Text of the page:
By Mike Mooneyham

June 15, 2003

World Wrestling Entertainment will present its first brand-exclusive pay-per-view tonight with Raw’s Bad Blood from the Compaq Center in Houston.

With disappointing showings from the last two pay-per-views, the company is taking a bold gamble by extending the split brands concept into the riskier pay-per-view realm. Four pay-per-views – the Royal Rumble, Wrestlemania, Summer Slam and Survivors Series – will continue to utilize performers from both Raw and Smackdown, while the eight other monthly PPVs will alternate between brands.

On paper, tonight’s show looks like a mixed bag, with a big question mark surrounding the main event, a rematch between Triple H and Kevin Nash. While there’s not much question that Nash makes a poor choice in the main event of a major show, the fact that Mick Foley has been brought in as special referee for the match adds considerable luster to the event.

Mick Foley

Foley and Triple H both deserve major kudos for hyping tonight’s show. Their performances last week on Raw sparked renewed interest in what promises to be – barring a miracle – a less-than-stellar Hell in a Cell headliner. It has become painful to watch the lumbering Nash navigate in a wrestling ring, and it’s obvious that WWE has all but given up on him. Less and less camera time has been assigned to the former “Big Daddy Cool” Diesel, evidenced by the fact that his first appearance Monday night wasn’t until the show’s overrun segment.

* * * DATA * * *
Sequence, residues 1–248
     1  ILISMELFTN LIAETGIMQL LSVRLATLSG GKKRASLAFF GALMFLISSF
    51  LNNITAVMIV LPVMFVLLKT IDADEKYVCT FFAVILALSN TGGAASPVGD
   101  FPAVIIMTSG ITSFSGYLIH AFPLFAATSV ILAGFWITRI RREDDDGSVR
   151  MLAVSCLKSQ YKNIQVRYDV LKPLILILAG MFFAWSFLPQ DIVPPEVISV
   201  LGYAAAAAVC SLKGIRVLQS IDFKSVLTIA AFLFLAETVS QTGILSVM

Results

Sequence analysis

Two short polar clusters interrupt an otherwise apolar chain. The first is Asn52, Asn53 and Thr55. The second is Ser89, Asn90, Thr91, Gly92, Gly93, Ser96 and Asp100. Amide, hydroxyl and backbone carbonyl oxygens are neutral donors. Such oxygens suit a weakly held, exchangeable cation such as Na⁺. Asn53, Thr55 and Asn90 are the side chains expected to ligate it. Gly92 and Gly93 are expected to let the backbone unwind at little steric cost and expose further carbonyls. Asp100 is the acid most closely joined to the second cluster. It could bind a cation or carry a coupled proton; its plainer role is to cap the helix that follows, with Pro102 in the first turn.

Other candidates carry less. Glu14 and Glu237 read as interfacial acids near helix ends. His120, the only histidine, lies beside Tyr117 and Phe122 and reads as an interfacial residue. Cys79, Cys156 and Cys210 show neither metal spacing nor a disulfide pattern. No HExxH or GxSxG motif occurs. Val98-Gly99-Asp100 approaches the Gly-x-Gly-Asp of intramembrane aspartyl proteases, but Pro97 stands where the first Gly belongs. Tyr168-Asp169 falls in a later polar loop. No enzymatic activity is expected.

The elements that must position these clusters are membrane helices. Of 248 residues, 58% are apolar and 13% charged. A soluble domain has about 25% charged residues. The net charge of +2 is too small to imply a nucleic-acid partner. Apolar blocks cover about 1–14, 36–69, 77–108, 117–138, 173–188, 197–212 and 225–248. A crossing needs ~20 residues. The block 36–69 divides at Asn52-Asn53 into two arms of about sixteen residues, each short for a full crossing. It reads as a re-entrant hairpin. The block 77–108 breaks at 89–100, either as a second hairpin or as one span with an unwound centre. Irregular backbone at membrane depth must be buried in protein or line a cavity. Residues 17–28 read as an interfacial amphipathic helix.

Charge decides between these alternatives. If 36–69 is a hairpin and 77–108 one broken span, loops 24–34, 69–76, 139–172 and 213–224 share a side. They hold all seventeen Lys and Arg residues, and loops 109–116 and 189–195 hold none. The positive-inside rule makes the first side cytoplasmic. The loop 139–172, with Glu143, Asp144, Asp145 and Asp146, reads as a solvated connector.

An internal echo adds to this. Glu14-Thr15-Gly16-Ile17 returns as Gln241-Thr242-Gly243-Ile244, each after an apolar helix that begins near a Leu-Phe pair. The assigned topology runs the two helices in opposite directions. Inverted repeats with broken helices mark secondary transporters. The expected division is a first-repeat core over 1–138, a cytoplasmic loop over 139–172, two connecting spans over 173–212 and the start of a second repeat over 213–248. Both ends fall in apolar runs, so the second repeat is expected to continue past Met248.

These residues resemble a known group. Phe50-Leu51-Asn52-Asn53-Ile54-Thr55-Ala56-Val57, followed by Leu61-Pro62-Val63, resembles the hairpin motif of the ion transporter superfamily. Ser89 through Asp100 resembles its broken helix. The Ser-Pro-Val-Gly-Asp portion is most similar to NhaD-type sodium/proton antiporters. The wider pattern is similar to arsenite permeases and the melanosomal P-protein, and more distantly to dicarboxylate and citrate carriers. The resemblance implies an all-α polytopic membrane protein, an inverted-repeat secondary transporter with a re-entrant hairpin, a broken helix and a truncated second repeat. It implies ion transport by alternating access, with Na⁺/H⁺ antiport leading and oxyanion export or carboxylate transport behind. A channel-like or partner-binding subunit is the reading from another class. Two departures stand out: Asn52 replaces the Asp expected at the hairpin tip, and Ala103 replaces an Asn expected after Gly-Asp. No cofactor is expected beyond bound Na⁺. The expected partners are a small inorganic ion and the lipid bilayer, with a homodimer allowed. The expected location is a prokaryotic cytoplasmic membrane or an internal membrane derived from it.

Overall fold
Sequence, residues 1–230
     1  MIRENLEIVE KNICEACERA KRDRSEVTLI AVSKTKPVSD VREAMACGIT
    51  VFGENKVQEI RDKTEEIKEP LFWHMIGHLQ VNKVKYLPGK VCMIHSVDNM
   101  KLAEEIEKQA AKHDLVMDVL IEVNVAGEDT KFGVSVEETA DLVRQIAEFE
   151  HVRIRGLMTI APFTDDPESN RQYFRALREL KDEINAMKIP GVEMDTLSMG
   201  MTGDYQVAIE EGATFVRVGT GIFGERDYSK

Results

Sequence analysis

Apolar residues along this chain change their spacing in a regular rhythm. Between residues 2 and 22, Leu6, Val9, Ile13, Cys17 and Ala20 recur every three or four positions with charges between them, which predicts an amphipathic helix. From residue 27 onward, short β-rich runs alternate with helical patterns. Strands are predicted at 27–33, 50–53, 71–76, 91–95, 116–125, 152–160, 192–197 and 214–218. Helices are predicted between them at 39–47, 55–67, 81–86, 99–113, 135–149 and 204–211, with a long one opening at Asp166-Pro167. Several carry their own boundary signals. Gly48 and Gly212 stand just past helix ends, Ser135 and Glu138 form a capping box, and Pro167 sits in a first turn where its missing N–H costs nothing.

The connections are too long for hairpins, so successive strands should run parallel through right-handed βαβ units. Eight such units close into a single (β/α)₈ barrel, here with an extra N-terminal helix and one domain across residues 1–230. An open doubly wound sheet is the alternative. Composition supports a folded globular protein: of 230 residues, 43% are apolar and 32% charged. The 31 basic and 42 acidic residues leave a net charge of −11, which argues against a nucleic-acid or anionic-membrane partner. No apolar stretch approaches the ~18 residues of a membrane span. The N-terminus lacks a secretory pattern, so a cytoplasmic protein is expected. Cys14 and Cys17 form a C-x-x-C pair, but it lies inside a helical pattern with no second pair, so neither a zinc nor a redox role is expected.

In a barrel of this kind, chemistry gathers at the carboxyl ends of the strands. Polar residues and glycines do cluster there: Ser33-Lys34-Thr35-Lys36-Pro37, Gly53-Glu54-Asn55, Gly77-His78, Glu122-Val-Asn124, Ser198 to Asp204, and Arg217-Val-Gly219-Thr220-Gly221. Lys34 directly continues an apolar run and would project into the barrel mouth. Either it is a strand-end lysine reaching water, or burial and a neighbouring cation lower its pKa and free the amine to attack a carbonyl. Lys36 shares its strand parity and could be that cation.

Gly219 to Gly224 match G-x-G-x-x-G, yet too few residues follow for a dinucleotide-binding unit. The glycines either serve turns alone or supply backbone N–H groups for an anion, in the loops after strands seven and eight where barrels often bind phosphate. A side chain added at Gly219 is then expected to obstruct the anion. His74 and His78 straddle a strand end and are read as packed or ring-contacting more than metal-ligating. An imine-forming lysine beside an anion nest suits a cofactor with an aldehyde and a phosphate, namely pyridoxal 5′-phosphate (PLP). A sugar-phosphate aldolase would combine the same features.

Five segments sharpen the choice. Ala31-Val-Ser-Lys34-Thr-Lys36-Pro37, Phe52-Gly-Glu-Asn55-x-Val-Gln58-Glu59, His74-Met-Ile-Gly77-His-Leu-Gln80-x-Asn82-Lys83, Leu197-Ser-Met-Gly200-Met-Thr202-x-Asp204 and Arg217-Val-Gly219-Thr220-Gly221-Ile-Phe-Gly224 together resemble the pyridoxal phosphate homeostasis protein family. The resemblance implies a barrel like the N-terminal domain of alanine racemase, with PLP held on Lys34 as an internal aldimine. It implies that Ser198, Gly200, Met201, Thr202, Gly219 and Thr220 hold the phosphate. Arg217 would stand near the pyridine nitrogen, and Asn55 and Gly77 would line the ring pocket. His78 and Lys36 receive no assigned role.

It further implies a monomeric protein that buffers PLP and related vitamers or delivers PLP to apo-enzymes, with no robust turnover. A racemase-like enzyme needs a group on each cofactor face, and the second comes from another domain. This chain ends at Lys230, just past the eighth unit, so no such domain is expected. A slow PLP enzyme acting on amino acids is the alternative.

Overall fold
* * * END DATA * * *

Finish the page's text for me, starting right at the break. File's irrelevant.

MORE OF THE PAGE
Foley, whose WWE return was partly motivated by the scheduled July 8 release of his first novel, “Tietam Brown,” most likely will get physically involved in tonight’s Hell in a Cell, a match made famous by Foley’s incredible bump off the top of the cage during his 1998 bout with The Undertaker.

One negative from last week’s Raw was that the Foley-Triple H angle overshadowed all the other major storylines heading into the pay-per-view, including the highly anticipated showdown between Ric Flair and Shawn Michaels. With the energy and enthusiasm both performers – especially Flair – have displayed in recent weeks, it’s a shame the writers didn’t allot more time for one final verbal exchange between the two.

The Flair-Michaels bout promises to be tonight’s show-stealer. It’s a match that both have looked forward to for years. Their only other singles meeting was during the early ‘90s when Michaels was part of The Rockers tag-team with Marty Jannetty, several years before he established himself as one of the greatest workers in the business. Despite Flair’s age (54) and Michaels’ relative inactivity since suffering a career-ending back injury several years ago, the two are extremely motivated and feel in good enough shape to put on a classic match.